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Ta-Nehisi Coates on Mass Incarceration: Parts I and II of IX

Categories: Drew Whitcup, ZiR


download (6)As a number of my past posts indicate, when Ta-Nehisi Coates writes something, I read it. This is especially true when he publishes his brand of long-form, in-depth, history-in-context pieces, like he did last summer in his case for American reparations. This month, he’s published another missive in The Atlanticone which frames the modern African American experience in the context of mass incarceration. It is characteristically dense and well-researched, and, over the next few weeks, my posts will attempt to highlight its various contentions.

Coates begins his article by discussing one man—Daniel Patrick Moynihan—and more specifically one piece of research, Moynihan’s 1965 unsigned paper “The Negro Family: The Case for National Action:”

Unsigned, it was meant to be an internal government document, with only one copy distributed at first and the other 99 kept locked in a vault. Running against the tide of optimism around civil rights, ‘The Negro Family’ argued that the federal government was underestimating the damage done to black families by ‘three centuries of sometimes unimaginable mistreatment’ as well as a ‘racist virus in the American blood stream,’ which would continue to plague blacks in the future.

Coates seems to praise the initial intent of the paper, but laments the results that followed its release. These results, he posits, can be blamed in part on the paper lacking any specific policy suggestions:

Despite its alarming predictions, ‘The Negro Family’ was a curious government report in that it advocated no specific policies to address the crisis it described. This was intentional. Moynihan had lots of ideas about what government could do—provide a guaranteed minimum income, establish a government jobs program, bring more black men into the military, enable better access to birth control, integrate the suburbs—but none of these ideas made it into the report. ‘A series of recommendations was at first included, then left out,’ Moynihan later recalled. ‘It would have got in the way of the attention-arousing argument that a crisis was coming and that family stability was the best measure of success or failure in dealing with it.’

The report seemed to take on a life of its own in the years that followed, regardless of Moynihan’s original intent. Liberals attacked it from the left and some labeled Moynihan a racist. Conservatives read it to mean that African-Americans posed a problem that needed solving, but were dismissive of the notion that the problem was created by the actions of the white majority in the not-too-distant past. When he began to work in President Nixon’s White House in 1968, Moynihan pushed for a minimum income for all families, but to no avail.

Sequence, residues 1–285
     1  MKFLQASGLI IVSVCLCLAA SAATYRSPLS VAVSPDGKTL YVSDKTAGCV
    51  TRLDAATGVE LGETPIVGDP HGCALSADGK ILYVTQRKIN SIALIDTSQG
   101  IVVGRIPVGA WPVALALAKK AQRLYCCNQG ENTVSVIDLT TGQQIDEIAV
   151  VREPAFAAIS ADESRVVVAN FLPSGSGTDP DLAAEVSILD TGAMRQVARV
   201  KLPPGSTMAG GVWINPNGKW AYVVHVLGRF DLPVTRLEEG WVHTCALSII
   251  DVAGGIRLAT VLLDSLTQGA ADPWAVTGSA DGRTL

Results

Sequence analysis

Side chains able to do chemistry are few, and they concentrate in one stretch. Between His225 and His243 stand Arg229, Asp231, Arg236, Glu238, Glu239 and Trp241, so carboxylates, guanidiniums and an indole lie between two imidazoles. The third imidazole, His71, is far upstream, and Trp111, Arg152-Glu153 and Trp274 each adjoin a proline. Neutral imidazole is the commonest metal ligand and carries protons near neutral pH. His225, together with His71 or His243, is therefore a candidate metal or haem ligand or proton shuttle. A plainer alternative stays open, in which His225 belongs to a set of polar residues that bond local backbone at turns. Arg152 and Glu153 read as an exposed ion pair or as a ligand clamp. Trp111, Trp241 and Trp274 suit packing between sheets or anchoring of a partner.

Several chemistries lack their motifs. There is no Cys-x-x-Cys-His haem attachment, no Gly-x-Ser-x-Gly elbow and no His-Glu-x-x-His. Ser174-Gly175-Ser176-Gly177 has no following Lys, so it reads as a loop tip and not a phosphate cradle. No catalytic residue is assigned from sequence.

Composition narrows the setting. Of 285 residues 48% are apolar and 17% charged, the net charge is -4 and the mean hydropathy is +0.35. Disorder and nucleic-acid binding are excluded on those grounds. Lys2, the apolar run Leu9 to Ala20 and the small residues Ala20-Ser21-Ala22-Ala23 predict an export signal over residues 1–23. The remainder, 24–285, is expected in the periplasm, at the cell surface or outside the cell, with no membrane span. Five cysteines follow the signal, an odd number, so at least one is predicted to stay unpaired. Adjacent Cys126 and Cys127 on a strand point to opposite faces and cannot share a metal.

Moynihan’s paper helped create wide concern over the supposedly deteriorating black family structure. America’s response, Coates notes, was not at all what Moynihan had envisioned:

As the civil-rights movement wound down, Moynihan looked out and saw a black population reeling under the effects of 350 years of bondage and plunder. He believed that these effects could be addressed through state action. They were—through the mass incarceration of millions of black people.

Coates goes on to discuss how this response has not only failed to address the problems faced by the black community, but has exacerbated them. The missing opportunities for black men and the broken families that so concerned Moynihan remain prevalent:

The emergence of the carceral state has had far-reaching consequences for the economic viability of black families. Employment and poverty statistics traditionally omit the incarcerated from the official numbers. When [Harvard sociologist Bruce] Western recalculated the jobless rates for the year 2000 to include incarcerated young black men, he found that joblessness among all young black men went from 24 to 32 percent; among those who never went to college, it went from 30 to 42 percent. The upshot is stark. Even in the booming ’90s, when nearly every American demographic group improved its economic position, black men were left out. The illusion of wage and employment progress among African American males was made possible only through the erasure of the most vulnerable among them from the official statistics.

These consequences for black men have radiated out to their families. By 2000, more than 1 million black children had a father in jail or prison—and roughly half of those fathers were living in the same household as their kids when they were locked up. Paternal incarceration is associated with behavior problems and delinquency, especially among boys.

How this systematic response has affected individual families is the topic of the next few chapters in Coates’ essay. I will address them in this space next week.

—Drew Whitcup, Zeteo Contributing Writer

 

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1 Comment to “Ta-Nehisi Coates on Mass Incarceration: Parts I and II of IX”

  1. Gayle Rodda Kurtz says:

    Thank you, Drew, for covering this article with a different perspective on a crucial period. I appreciate your review and look forward to the next.
    Gayle

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